TagHive, a startup backed by Samsung, has huge plans for South Korea and India

TagHive, a startup backed by Samsung, has huge plans for South Korea and India
TagHive, an education technology firm formed and operating in South Korea, stands out among the many startups there thanks to its CEO and founder Pankaj Agarwal. Agarwal attended the esteemed Indian Institute of Technology in Kanpur after being born in a tiny hamlet in northern India. Through Creative Lab, a programme run by Samsung Electronics Co., he founded TagHive (C-Lab).
Agarwal spoke fluent Korean during an interview with the Yonhap News Agency and said, "In Korea, I've met other people from international startup companies, but I believe I'm the only one from India. He holds a master's degree from Seoul National University and an MBA from Harvard University. His professional career began when he joined Samsung in 2004 as part of a campus recruit campaign. According to the Indian businessman, "While I was employed by Samsung, I put forth a proposal that was rejected. However, once I elaborated, I was told to go to C-Lab.
His concept involved a wireless electronic signal system between a main receiver, such as a smartphone, and remote controls that could function even in the absence of an internet connection or access to a power source. He took the concept to develop the interactive classroom solution at C-Lab and release TagHive in 2017. Under the "ClassKey" brand, TagHive provides clicker-based classroom response systems and AI-powered self-assessment solutions for use in educational settings.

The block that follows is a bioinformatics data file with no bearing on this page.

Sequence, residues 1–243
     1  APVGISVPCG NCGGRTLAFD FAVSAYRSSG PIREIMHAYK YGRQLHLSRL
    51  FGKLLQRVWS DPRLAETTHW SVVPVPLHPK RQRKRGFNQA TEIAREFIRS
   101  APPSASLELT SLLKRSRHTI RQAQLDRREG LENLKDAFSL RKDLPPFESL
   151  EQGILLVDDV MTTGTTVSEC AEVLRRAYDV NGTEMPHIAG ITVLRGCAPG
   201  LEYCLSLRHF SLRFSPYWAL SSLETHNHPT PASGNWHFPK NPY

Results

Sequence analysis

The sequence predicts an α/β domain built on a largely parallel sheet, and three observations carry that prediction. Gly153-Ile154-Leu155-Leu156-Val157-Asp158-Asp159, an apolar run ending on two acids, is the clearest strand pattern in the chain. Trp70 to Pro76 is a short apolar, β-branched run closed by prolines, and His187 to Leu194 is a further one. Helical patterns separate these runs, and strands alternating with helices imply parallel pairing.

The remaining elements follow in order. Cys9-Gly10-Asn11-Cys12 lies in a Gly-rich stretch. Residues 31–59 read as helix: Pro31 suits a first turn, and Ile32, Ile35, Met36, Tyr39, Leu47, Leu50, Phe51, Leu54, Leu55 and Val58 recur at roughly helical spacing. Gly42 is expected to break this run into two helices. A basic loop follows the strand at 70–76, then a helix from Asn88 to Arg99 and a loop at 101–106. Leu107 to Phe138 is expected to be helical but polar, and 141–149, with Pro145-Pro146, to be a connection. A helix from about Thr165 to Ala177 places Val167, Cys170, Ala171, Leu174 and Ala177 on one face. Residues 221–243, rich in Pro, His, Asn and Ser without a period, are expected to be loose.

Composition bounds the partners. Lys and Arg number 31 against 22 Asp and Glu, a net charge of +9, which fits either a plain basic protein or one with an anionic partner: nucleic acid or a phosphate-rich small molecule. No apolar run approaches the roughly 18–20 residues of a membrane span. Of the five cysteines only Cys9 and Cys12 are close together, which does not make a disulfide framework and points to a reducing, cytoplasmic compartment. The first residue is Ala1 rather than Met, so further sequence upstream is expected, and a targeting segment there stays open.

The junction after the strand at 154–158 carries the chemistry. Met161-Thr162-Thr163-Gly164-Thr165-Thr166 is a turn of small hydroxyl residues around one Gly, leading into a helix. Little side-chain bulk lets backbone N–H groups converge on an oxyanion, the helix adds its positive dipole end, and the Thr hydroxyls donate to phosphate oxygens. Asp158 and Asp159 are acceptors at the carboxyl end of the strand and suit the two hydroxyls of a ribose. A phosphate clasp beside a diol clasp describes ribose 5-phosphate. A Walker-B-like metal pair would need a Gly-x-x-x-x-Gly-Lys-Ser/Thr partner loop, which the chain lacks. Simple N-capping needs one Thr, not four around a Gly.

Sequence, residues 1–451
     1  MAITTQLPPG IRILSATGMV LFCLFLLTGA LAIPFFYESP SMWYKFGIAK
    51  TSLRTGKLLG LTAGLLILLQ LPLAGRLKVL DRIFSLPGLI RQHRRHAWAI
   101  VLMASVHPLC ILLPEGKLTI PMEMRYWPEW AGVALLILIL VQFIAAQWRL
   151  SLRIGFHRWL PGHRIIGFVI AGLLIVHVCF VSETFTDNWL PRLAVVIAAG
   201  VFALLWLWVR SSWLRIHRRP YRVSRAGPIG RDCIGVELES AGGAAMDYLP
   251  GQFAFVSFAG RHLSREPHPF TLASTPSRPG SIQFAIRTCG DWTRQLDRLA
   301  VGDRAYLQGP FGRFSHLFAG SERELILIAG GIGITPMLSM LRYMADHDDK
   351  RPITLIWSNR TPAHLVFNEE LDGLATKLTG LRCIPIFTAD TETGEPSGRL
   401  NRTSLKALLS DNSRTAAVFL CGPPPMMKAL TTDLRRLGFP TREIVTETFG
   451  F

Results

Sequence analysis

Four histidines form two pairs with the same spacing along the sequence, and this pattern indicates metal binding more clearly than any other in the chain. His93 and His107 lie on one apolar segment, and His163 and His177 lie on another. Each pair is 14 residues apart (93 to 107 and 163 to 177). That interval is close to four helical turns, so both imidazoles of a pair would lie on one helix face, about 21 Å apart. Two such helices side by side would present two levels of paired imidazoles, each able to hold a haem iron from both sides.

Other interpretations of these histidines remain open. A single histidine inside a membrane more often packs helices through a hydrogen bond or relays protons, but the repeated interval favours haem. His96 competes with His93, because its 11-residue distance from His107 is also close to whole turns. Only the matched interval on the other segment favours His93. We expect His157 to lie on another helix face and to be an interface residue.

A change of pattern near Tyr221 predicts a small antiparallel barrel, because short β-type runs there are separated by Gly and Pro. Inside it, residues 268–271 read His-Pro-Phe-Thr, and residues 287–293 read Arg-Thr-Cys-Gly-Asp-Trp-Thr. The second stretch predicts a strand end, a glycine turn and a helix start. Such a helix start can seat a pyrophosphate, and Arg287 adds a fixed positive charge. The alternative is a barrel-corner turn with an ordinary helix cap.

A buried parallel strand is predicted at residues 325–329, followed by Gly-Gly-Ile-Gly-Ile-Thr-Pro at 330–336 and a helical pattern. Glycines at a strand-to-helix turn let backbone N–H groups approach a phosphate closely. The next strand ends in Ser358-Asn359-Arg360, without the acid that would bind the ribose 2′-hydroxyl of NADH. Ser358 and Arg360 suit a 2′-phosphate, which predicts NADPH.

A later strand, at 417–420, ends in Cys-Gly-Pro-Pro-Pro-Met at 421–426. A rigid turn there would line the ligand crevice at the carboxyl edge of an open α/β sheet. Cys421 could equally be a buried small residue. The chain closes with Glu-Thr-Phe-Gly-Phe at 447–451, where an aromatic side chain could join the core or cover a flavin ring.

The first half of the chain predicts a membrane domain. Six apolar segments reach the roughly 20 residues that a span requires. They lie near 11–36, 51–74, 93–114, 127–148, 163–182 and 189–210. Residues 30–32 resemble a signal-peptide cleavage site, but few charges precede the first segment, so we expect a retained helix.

Each student participates in their class with a clicker in their hands and presses buttons to respond "Yes" or "No" to the teacher's questions or click the numbers to multiple choice questions. The teacher checks the students' answers on the lecturer's screen or smartphone paired with the clickers. "ClassKey" also offers a program to carry out instant polls or elections to pick the classroom president and other leaders.
With just one click, the teacher can assess each student's proficiency and relevant information, such as the proportion of accurate answers, according to Agarwal. "The teacher can adjust the teaching technique to lessen the difficulty if the majority of the pupils were incorrect." According to him, 1,800 sets of "ClassKey," which have 25 clickers in a single unit for a classroom, have been sold in South Korea, and the product's customers are really happy with it. Of the 120,000 total classrooms in the nation, it makes up around 1.5%. Agarwal stated that TagHive is focusing on the larger Indian education industry, which includes 1.5 million primary and secondary schools. In India, the business markets its clicker solution under the "Class Saathi" brand, with Saathi meaning friend in Hindi.
He claimed that last year, about 2,000 sets of "Class Saathi," each with 40 clickers, were sold. In 2019, TagHive established a presence in Kolkata and released the product and subscription service, but was forced to postpone the plan for around three years because to Covid-19. "Our product is really valuable in India because many parts are still poor," he said. "Our device requires no internet or energy." "However, the number of smartphone subscribers in India is rather significant, and almost all teachers own one. They are able to instruct kids using "Class Saathi" even in a small, remote school."